Diet & Weight Magazine

Low-carb Diets and Ketosis

By Molly @MKPappas

Lately, for whatever reason, I’ve had a lot of clients and friends ask me about high protein, low carb diets. Whether they know someone on one, are experiencing some odd symptoms (extreme thirst, metallic taste in mouth), or are just curious about it in general, I think I’ve talked more about ketosis in the last month than I have since I started personal training.

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What is a low carb diet?

A low carb diet is a program where your carbohydrate consumption is restricted (shocker!), and you primarily rely on a large percentage of your calories coming from fats and protein (cheese, nuts, poultry, fish etc.) So think – NO sugar, bread, pasta, donuts. Remember though, there ARE carbs in fruits and vegetables, so depending on how extreme one goes with a dietary program like this will effect what you can and can not eat in those categories.

Some examples of low carb diets are:

  • Atkins
  • Zone
  • South Beach
  • Paleo/Caveman



So, that brings us to one of the biggest things that come up with those undertaking a low carb diet – Ketosis

People hear the word ‘ketosis‘ and ‘body goes into a state of ketosis‘ and automatically assume this is a bad or dangerous thing. Ketosis simply means that your body has converted from using carbs to fat for energy. Carbs are the body’s main source of energy , but when you are ingesting a low percentage of it, ketone bodies (a molecule) develop during fat metabolism.

So, in laymen’s terms, your body goes from being a carbohydrate-burning machine to a fat-burning one. Thus, a person can lose weight and that is why low carb diets have become so popular.


As with most things, there are some risks to be aware of, the first being cholesterol. If you are eating a high protein diet, it is very important to make sure you are getting enough fiber into your system. The reason behind this is, your body recycles out cholesterol through the expulsion of body fluids (to paint a picture: bowel movements). However, if you AREN’T voiding like you should and become constipated, the cholesterol recycles back into your system and that is when things start to become a problem.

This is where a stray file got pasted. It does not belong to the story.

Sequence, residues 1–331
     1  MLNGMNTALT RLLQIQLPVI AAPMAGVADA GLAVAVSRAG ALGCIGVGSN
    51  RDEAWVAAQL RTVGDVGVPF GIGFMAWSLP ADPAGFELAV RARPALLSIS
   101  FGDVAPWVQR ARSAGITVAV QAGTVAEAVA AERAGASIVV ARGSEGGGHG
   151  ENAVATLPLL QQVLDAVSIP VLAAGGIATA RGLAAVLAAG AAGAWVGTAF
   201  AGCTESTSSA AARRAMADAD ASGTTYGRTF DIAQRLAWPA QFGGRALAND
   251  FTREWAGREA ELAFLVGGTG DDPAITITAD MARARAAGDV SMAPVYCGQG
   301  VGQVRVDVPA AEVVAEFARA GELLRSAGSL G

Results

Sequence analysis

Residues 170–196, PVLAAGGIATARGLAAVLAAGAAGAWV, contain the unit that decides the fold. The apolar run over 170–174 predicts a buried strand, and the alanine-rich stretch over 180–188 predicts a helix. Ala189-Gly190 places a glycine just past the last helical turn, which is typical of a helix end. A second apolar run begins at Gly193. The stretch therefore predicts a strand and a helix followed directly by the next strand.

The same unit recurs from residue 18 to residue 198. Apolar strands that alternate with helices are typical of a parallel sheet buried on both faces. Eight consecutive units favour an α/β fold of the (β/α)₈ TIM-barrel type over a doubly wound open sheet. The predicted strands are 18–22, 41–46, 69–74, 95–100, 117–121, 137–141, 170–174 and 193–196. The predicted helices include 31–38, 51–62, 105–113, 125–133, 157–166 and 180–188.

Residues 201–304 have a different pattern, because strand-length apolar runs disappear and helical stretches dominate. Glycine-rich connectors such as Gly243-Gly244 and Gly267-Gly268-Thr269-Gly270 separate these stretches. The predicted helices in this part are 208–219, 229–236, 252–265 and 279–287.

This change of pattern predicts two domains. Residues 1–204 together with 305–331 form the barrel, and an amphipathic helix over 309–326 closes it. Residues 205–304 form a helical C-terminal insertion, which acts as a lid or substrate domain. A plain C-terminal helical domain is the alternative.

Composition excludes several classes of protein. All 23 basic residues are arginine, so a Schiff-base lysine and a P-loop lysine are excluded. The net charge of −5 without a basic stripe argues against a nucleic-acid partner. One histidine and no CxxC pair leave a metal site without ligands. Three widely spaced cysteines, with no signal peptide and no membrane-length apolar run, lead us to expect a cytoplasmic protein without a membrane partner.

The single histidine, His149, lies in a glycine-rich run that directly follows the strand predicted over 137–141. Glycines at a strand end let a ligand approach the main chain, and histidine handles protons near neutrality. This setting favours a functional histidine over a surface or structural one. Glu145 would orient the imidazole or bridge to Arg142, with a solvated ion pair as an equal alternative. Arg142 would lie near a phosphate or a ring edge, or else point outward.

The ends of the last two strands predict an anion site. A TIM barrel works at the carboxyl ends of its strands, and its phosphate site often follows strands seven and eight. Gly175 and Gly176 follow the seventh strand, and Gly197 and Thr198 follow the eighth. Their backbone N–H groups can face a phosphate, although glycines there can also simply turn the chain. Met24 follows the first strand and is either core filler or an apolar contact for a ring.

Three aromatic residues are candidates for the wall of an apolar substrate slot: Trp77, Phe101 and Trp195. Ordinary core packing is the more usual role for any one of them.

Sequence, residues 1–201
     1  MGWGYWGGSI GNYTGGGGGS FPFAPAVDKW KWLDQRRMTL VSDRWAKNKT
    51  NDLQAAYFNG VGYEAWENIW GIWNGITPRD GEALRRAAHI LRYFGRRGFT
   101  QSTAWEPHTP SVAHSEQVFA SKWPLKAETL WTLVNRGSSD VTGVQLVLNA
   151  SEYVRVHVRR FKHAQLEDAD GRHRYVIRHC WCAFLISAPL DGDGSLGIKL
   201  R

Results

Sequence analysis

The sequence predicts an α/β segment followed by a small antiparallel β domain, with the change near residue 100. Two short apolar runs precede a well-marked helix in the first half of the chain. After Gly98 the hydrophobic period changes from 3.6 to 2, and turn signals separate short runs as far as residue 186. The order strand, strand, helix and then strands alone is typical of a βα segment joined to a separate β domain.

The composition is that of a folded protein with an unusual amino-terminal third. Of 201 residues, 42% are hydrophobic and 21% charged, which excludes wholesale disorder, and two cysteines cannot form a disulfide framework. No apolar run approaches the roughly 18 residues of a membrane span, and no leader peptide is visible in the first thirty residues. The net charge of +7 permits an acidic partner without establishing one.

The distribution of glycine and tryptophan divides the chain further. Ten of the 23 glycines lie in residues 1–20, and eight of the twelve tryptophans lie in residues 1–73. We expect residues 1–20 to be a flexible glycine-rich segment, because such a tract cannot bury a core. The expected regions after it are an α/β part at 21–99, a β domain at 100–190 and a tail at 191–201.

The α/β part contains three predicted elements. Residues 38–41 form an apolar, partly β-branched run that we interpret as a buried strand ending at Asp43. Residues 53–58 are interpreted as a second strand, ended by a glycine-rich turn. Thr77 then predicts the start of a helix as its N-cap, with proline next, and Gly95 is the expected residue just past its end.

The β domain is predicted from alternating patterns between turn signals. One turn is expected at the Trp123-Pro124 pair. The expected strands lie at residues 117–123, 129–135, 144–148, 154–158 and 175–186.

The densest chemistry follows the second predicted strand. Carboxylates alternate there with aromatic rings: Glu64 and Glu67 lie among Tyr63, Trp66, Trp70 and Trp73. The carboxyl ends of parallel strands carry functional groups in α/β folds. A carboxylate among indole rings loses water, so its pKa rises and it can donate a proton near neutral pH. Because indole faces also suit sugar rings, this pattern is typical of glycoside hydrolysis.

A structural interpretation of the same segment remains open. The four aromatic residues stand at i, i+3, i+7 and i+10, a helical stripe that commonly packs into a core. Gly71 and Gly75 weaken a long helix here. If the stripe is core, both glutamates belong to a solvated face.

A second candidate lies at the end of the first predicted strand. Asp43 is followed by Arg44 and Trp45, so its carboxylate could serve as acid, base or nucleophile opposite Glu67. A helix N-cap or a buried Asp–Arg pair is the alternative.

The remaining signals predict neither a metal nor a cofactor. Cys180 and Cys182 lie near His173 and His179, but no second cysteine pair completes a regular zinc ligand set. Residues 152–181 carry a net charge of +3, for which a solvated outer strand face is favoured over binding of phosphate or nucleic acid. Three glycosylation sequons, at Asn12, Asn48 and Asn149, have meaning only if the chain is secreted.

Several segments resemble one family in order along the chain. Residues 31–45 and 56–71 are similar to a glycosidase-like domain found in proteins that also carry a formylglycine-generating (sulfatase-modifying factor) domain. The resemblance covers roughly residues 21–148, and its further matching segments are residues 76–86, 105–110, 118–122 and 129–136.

So, two ways to avoid this are to make sure you’re getting enough fiber into your diet and/or find some protein that have lower levels of cholesterol – fish is a GREAT example.


There is some controversy on whether prolonged high protein, low carb diets are dangerous for the body. Some doctors say that if you are not properly monitored and continue to exhibit a high level of ketosis, this can put a major strain on your kidneys. However, some researchers say there isn’t any noticeable harm.

With that said…

It is SO important that you consult with your doctor, nutrition consultant or dietitian before undertaking this (or any) type of diet. Every person is unique in how their bodies function and react to things, so just because your friend had an AMAZING experience following (insert whatever diet here) doesn’t mean YOU will. Be safe and take the time to speak with a health professional, who is knowledgeable and properly equipped to help you start and safely maintain a dietary program.

Low-carb diets and Ketosis

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By Kakanda Eddie
posted on 14 August at 19:21

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